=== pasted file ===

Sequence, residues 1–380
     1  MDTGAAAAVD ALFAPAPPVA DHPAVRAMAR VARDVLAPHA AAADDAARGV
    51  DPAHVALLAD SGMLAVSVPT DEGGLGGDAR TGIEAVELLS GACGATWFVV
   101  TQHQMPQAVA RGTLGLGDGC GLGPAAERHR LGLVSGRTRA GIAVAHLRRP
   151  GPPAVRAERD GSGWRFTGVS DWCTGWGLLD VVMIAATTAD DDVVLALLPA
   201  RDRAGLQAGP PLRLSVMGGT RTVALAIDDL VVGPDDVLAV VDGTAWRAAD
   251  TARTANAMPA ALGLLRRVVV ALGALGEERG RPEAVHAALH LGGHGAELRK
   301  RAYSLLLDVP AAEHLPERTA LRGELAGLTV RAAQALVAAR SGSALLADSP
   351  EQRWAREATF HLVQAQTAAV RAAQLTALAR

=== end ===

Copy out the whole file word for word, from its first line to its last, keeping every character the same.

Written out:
Sequence, residues 1–380
     1  MDTGAAAAVD ALFAPAPPVA DHPAVRAMAR VARDVLAPHA AAADDAARGV
    51  DPAHVALLAD SGMLAVSVPT DEGGLGGDAR TGIEAVELLS GACGATWFVV
   101  TQHQMPQAVA RGTLGLGDGC GLGPAAERHR LGLVSGRTRA GIAVAHLRRP
   151  GPPAVRAERD GSGWRFTGVS DWCTGWGLLD VVMIAATTAD DDVVLALLPA
   201  RDRAGLQAGP PLRLSVMGGT RTVALAIDDL VVGPDDVLAV VDGTAWRAAD
   251  TARTANAMPA ALGLLRRVVV ALGALGEERG RPEAVHAALH LGGHGAELRK
   301  RAYSLLLDVP AAEHLPERTA LRGELAGLTV RAAQALVAAR SGSALLADSP
   351  EQRWAREATF HLVQAQTAAV RAAQLTALAR